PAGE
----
About Intrusion Policy Settings
Cisco delivers several intrusion policies with the Firepower system. These policies are designed by the Cisco Talos Security Intelligence and Research Group, who set the intrusion and preprocessor rule states and advanced settings.
License and Action Requirements for Intrusion Policies
- Licenses-To add intrusion policies to a rule, you need to enable a Threat license on the Firepower Device Manager
- Rule action-you can configure intrusion and file policies on rules that allow traffic only. Inspection is not performed on rules set to trust or block traffic. In addition, if the default action for the access control policy is allow, you can configure an intrusion policy but not a file policy.
Available Intrusion Policies for an Access Control Rule
For access control rules that allow traffic, you can select one of the following intrusion policies to inspect traffic for intrusions and exploits. An intrusion policy examines decoded packets for attacks based on patterns, and can block or alter malicious traffic.
The policies are listed from least to most secure:
Connectivity over Security—This policy is built for organizations where connectivity (being able to get to all resources) takes precedence over network infrastructure security. The intrusion policy enables far fewer rules than those enabled in the Security over Connectivity policy. Only the most critical rules that block traffic are enabled. Select this policy if you want to apply some intrusion protection but you are fairly confident in the security of your network.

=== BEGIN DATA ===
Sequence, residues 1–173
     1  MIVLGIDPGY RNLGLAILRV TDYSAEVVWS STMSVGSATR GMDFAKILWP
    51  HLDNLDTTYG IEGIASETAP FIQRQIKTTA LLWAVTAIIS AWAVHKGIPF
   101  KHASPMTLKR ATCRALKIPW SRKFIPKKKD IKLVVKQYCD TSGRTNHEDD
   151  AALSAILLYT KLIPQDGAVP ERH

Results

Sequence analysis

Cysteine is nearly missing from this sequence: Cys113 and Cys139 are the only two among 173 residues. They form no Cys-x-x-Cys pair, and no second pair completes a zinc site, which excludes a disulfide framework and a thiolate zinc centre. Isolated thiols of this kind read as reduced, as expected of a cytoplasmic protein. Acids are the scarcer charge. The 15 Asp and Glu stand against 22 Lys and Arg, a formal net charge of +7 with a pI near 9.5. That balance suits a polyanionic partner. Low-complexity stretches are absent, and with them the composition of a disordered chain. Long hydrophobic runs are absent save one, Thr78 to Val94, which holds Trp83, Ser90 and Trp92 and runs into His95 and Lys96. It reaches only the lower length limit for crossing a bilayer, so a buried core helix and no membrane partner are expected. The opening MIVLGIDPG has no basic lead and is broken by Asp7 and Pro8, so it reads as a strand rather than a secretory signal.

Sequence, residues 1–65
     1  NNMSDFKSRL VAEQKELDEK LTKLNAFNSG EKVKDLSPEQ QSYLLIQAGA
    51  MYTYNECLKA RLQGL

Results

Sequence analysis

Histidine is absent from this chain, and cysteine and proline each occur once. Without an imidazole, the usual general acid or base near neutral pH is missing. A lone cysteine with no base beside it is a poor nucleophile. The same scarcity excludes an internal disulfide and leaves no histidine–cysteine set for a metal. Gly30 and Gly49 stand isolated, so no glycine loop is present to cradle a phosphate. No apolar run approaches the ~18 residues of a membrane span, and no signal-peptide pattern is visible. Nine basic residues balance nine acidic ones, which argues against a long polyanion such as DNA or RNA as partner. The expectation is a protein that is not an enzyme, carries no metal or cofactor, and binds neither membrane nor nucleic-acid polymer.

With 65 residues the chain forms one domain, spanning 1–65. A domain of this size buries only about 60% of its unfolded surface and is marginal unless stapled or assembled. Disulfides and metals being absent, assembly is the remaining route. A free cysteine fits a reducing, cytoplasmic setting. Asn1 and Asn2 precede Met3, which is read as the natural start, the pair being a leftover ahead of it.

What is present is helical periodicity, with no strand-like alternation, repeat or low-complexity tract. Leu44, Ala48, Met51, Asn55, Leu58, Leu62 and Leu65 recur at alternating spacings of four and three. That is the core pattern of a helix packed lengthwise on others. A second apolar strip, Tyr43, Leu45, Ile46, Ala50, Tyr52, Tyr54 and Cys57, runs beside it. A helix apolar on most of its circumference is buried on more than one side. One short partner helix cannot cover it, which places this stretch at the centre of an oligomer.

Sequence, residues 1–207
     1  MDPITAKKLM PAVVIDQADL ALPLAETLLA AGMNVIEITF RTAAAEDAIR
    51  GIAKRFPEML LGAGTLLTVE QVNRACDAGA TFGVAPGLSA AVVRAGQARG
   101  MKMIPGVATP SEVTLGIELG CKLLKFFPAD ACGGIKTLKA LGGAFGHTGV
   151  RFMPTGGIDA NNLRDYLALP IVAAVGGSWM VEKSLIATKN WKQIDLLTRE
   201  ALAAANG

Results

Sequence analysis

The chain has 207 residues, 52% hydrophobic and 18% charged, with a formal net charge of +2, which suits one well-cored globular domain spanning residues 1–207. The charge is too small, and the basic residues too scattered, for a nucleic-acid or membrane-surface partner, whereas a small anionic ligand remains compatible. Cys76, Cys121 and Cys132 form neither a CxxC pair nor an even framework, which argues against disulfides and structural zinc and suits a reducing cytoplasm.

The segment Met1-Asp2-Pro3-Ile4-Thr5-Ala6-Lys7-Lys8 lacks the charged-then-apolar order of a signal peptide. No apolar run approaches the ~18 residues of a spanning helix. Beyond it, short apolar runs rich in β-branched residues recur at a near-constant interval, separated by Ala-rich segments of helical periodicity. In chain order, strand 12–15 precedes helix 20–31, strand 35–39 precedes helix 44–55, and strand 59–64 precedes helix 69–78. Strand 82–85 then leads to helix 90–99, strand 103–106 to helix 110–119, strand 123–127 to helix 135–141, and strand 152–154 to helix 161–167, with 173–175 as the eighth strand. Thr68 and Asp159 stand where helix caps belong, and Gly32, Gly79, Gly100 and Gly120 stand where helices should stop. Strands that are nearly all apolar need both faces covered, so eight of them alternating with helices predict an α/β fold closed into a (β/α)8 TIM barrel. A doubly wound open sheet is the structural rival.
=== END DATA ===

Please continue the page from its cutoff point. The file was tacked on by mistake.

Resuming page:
Balanced Security and Connectivity—This policy is designed to balance overall network performance with network infrastructure security. This policy is appropriate for most networks. Select this policy for most situations where you want to apply intrusion prevention.
Security over Connectivity—This policy is built for organizations where network infrastructure security takes precedence over user convenience. The intrusion policy enables numerous network anomaly intrusion rules that could alert on or drop legitimate traffic. Select this policy when security is paramount or for traffic that is high risk.
Maximum Detection—This policy is built for organizations where network infrastructure security is given even more emphasis than is given by the Security Over Connectivity policy, with the potential for even greater operational impact. For example, the intrusion policy enables rules in a large number of threat categories including malware, exploit kit, old and common vulnerabilities, and known in-the-wild exploits. If you select this policy, carefully evaluate whether too much legitimate traffic is being dropped.